The delay in delivering parcels to the mainland could cause a disruption to the delivery of goods from the region to the city of Taipei, according to an Irish government report.
It also says the number of parcels to China from the west of the island has dropped significantly since the beginning of the year.
A spokesman for the Department of Agriculture said that while the delay in deliveries had not affected the overall number of deliveries from the east of Ireland to the Chinese mainland, it could have a significant impact on the volume of goods being delivered.
He said the department had a working relationship with Chinese customs authorities to ensure that all customs declarations and parcels are received on time and on the correct day.
“This report has identified a number of issues that are currently being identified that may be a factor in the delayed delivery of parcels and/or delayed delivery on the delivery system,” the spokesman said.
“The Department of Agricultural and Food Innovation and Skills has been working closely with the Department for Transport to identify potential potential causes of the delay and is also looking at other measures that might be taken to minimise the impact.”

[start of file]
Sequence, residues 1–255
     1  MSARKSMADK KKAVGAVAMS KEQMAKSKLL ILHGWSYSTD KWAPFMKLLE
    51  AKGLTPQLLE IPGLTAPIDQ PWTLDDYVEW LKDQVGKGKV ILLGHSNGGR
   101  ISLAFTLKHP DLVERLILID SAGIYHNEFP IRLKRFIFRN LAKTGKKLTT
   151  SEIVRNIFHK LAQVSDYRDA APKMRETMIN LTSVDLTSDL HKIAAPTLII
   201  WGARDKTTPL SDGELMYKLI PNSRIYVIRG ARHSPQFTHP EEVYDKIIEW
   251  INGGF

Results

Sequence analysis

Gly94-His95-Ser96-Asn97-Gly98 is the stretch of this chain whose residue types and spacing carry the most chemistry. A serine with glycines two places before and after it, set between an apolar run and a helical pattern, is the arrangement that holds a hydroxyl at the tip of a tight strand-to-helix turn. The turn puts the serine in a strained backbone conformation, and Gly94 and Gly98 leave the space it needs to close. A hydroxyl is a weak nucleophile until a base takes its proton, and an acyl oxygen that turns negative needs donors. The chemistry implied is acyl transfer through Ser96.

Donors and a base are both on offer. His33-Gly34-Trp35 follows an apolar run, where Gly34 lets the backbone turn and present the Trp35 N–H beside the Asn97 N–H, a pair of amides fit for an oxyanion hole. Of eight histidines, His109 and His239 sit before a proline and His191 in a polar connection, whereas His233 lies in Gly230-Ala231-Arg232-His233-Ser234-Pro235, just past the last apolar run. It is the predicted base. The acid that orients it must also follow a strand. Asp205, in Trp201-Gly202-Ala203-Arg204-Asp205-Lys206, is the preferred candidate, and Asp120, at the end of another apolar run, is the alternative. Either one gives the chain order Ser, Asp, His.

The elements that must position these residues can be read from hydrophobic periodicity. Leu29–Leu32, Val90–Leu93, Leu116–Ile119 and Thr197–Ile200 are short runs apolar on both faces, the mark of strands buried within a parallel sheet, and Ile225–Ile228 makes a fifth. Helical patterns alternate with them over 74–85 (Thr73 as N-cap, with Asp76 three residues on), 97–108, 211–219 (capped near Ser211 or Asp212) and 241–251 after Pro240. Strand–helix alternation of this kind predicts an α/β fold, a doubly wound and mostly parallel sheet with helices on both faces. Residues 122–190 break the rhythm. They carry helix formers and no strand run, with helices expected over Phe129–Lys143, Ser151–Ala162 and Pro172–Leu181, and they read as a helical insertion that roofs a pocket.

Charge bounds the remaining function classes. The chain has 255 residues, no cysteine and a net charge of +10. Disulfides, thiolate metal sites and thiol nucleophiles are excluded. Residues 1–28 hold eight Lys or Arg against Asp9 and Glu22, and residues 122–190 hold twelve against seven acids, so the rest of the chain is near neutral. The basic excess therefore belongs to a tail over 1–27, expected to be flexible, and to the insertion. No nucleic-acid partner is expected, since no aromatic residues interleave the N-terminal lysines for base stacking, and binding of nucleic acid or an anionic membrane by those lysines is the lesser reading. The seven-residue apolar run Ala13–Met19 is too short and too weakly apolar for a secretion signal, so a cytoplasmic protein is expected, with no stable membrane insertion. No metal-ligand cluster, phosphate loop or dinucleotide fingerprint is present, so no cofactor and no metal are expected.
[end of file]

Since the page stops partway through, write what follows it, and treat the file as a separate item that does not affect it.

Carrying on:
The department said it would look at how the delays could impact on people in Ireland.
Irish Government’s report on the delays to the shipping of goods to China in 2017 says delays of up to 10 days are possible due to a lack of information on shipping arrangements between Dublin and the mainland.
On January 4, China’s Ministry of Foreign Affairs and International Cooperation announced that the shipping service between Dublin Airport and Taipei would resume in 2019 after two years of delays.
It said that, in 2019, China will send a total of 2.3 million tonnes of goods and services, representing nearly 30 per cent of all the goods and more than 90 per cent to China.